Dieting may be the furthest thing from your mind at this time of year. But you may start thinking about how to shed all those holiday pounds come January 1st, or be toying with the idea of a new diet as part of your New Year’s Resolutions. If you want to lose weight next year, we think that’s great – but dieting is not the way to make it happen for the long term. Here’s why you should think twice about New Atkins, Weight Watchers or whichever other diet you’re thinking of taking on next year.
You may think dieting is innocent enough, but if you think critically about what a diet actually is, and what it means, you’ll notice there is an inherent problem in the concept of dieting: there is an “off” and “on”. If you go “on” something, inevitably there will come a time when you will go “off” it. Going “on” and “off” a diet are two sides of the same coin: one cannot exist without the other.
When people think about dieting, they are really thinking about the short term. And many of the diets out there are nearly impossible to sustain over a long stretch of time. Really, can anyone adhere to a diet that requires you to eat only fruit, soups and smoothies forever? Or does a diet that restricts or bans carbs really make sense if your absolute favorite food is pizza?
The point is that no matter how long you manage to stay “on” your diet, the weight will eventually come back when you can’t take it anymore and need to get “off”. To fix this problem, we need to change the way we think about dieting. If you want to make a long-term improvement to your health, think long-term. How can you adjust your diet in the long term to stay healthy and keep weight off? A compartmentalized diet, where you have to follow a strict eating regime,is not the answer.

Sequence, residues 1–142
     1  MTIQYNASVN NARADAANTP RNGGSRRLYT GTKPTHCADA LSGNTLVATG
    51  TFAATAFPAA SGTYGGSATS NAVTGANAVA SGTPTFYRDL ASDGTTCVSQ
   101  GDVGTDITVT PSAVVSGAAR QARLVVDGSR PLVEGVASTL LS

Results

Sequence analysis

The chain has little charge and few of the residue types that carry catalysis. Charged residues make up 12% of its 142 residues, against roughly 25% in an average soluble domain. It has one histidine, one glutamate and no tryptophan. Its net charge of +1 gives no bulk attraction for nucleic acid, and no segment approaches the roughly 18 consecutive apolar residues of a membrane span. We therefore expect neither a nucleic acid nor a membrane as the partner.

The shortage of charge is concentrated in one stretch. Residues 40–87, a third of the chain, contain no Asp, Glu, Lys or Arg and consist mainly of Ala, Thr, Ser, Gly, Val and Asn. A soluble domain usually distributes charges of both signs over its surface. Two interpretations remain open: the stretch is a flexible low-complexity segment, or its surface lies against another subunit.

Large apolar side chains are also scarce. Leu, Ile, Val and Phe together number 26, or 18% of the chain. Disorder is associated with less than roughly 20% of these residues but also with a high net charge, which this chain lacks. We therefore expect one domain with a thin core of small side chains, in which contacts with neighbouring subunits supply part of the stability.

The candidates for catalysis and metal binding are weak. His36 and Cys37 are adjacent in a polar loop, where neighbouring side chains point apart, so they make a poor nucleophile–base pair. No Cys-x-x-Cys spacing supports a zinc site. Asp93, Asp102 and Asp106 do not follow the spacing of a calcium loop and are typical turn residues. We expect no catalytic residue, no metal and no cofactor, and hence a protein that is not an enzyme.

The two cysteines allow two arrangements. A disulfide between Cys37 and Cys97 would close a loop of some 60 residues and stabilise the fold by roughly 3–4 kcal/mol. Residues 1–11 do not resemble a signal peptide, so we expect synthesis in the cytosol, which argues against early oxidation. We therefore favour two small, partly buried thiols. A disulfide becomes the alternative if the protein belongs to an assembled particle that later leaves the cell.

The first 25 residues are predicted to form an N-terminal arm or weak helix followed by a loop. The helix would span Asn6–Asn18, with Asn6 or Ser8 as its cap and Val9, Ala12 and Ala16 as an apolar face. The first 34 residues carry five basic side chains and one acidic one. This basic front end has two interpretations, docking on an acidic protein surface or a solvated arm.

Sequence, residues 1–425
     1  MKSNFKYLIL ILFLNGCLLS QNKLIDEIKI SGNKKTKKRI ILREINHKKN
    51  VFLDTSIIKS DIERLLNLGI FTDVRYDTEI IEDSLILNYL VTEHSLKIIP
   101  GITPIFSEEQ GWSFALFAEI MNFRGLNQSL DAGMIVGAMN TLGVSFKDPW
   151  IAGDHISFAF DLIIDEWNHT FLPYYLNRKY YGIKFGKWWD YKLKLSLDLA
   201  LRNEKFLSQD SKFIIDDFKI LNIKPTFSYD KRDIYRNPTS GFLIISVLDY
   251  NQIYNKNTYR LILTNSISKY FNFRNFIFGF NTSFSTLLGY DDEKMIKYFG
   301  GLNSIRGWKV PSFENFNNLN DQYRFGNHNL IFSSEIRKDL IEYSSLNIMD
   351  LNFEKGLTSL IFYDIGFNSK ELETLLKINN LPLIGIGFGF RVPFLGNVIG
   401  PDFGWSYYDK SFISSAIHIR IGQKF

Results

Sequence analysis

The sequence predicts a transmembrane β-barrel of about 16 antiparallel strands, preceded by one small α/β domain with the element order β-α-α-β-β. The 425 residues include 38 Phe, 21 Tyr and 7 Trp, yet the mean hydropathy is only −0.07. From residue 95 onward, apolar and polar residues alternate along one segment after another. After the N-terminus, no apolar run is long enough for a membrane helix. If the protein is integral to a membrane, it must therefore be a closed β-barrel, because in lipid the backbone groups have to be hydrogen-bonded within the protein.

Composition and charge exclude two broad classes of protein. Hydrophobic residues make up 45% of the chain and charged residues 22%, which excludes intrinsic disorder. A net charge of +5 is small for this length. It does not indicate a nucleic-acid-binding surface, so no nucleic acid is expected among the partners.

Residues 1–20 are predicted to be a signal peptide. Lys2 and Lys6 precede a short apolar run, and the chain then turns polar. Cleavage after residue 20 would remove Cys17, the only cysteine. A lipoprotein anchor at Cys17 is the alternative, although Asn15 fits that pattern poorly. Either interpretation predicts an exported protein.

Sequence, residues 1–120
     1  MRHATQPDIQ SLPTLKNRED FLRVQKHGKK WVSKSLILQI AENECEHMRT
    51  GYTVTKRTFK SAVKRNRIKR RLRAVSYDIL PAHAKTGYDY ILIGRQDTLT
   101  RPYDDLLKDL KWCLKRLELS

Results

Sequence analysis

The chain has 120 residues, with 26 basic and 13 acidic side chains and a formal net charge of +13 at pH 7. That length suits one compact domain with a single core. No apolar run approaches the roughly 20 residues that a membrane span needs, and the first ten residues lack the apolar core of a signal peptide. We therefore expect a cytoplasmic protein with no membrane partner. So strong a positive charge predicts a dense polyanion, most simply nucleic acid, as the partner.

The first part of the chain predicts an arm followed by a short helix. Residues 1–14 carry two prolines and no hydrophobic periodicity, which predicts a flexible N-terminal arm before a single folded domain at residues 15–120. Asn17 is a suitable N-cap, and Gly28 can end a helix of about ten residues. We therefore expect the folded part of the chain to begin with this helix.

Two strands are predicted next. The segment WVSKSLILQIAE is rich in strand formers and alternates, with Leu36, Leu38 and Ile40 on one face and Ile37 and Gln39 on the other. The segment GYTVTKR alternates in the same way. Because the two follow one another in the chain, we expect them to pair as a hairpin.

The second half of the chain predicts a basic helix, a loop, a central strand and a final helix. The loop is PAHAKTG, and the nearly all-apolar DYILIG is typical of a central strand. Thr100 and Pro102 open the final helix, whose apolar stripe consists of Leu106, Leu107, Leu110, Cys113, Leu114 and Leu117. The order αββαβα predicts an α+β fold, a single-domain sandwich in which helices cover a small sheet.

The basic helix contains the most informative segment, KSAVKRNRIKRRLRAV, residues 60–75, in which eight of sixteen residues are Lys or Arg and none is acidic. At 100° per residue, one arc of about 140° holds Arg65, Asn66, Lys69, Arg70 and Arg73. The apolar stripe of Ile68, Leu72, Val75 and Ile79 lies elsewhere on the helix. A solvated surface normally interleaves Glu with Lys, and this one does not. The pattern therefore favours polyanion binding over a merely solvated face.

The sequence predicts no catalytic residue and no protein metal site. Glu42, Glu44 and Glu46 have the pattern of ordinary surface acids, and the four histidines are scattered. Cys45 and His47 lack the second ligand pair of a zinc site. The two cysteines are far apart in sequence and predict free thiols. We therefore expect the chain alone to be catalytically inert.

Because of the inherent problem mentioned above, your diet will eventually fail. And, each time it does, your spirit will be crushed. You may reach a point where you’ve failed so many times that you believe the situation is hopeless. This may cause you to give up dieting forever (which is good) and not care at all about your health or what you eat (which is not good). It might be in your best interests to skip the diet altogether and instead think long term. Your goal should be finding a realistic long-term change to your diet today.
When you start a new diet, you may feel like you’re coasting the first month or two. It can be easy to follow the structured plan of a diet, and you may even be thrilled to see that you’re losing weight. Then as two months turns to six, the cracks in the seams of your diet regime start showing. Dieting gets harder as time progresses. That’s because diets require you to follow a strict and inflexible regime. When you diet, you’re likely cutting out many foods that you love. If you enjoy ice cream, are you really never going to eat it again? The rigid mentality encouraged by dieting is not realistic. So in addition to thinking long term about how you can eat healthier, avoid following a rigid diet regime. Instead, give yourself a day or two a week when you can enjoy whichever foods you feel like, and if you have a week where you eat unhealthy most days, don’t take it so hard. Remember, you are only human (just like the rest of us), so you’re allowed to fail. And if you do, get back up, dust yourself off and try again.
You can have the healthiest diet on the planet, but that won’t prevent you from overeating. What will, however, is being able to listen to your body and know when you’re full. So instead of trying to follow a diet that some company tells you is healthy, why not start listening your body and seeing how the foods you eat affect you? Try paying attention to how you feel after a meal. Did the food you ate energize you and make you feel ready to take on the world? Or did it drag you down and make you want to unbutton your pants and fall asleep on the couch? Use your feelings as a gauge to learn which foods you should eat more of and which to avoid, and you’ll start noticing a difference in your health and your waistline.